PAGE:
3100 BCE , Wilshire, United Kingdom- It took three stages and an estimated 30 million hours of labor to build the world famous Stonehenge. No one knows why this iconic structure was built, perhaps for human sacrifice or worship.
Stonehenge has made its appearance in TV shows and movies, on board games and t-shirts.
But more than 4,000 miles away, across the Atlantic Ocean sits a unique replica of Stonehenge in the Midwest of the United States on the western half of Nebraska. It is not made from Bluestone, Sarsen and Welsh Sandstone like the original. It is made from cars.
Named Carhenge, the replica is a memorial to the artist’s father who lived on a farm that is now the location of the copy. Jim Reinders, the artist, had time to study Stonehenge while living in England.
35 family members gathered five years after his father’s death to build the replica in June 1987 and the dedication was done on the summer solstice.
“Thirty-eight automobiles were placed to assume the same proportions as Stonehenge with the circle measuring approximately 96 feet in diameter,” according to Carhenge’s website.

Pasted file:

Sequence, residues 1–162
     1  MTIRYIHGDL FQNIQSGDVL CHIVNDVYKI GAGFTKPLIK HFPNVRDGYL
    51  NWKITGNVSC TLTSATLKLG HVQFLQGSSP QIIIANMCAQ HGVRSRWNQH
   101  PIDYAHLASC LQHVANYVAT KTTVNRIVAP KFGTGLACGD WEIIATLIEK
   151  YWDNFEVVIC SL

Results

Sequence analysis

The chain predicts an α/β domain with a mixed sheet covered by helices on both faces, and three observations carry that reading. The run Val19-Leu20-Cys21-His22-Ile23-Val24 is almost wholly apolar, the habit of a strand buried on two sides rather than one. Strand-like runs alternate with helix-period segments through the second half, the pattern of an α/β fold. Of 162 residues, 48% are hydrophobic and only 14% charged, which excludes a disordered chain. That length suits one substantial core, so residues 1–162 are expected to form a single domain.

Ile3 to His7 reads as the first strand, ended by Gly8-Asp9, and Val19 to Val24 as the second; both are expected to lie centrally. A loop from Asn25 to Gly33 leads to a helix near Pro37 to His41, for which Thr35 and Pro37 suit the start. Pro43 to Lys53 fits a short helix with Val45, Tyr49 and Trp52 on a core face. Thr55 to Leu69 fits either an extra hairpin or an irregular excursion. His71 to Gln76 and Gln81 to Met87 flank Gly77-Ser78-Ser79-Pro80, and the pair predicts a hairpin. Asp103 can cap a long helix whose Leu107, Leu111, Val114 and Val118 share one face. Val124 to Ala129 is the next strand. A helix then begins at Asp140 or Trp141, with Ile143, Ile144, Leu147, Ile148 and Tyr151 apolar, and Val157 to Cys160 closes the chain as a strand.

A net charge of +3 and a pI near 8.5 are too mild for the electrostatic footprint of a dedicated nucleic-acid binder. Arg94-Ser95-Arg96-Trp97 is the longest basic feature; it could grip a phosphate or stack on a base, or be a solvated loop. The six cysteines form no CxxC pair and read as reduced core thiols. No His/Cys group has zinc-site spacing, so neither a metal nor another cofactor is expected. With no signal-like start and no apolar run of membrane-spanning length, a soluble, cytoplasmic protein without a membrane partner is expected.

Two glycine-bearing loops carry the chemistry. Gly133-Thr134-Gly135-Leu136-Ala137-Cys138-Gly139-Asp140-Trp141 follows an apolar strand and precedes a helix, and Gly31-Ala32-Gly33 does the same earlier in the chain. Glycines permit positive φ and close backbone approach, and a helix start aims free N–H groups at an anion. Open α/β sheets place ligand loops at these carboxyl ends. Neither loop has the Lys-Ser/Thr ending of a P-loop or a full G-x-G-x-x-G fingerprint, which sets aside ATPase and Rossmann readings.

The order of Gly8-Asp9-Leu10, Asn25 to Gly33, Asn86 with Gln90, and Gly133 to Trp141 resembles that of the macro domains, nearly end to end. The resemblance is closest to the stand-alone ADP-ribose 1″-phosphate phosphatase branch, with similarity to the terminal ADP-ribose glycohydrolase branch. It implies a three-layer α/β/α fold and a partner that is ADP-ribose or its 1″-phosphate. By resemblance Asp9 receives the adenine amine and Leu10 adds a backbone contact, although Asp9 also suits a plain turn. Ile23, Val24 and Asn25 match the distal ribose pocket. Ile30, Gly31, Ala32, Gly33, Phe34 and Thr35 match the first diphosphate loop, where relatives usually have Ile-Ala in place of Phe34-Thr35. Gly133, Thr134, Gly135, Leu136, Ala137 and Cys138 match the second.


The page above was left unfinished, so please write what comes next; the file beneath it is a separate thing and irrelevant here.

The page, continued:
The cars are painted gray to resemble the behemoth stones of Stonehenge and include three standing trilithons within the circle, the heel stone, slaughter stone, and two station stones. The heel stone is a 1967 Cadillac.
Reinders donated the 10 acres of land that Carhenge rests on and is now overseen by the Friends of Carhenge.
Other sculptures are on site to view as part of the Car Art Reserve, is including a giant salmon created by a Canadian man and a dinosaur.
Tripadvisor named Carhenge America’s second wackiest attraction.
International students in Nebraska will find Carhenge a quirky daytrip. The attraction is open 24/7, 365 days a year and is located right outside of Alliance. Picnic tables are on site.
* Picture courtesy of Quirky Nebraska. Carhenge north of Alliance, Nebraska, July, 2006, Kathy Weiser.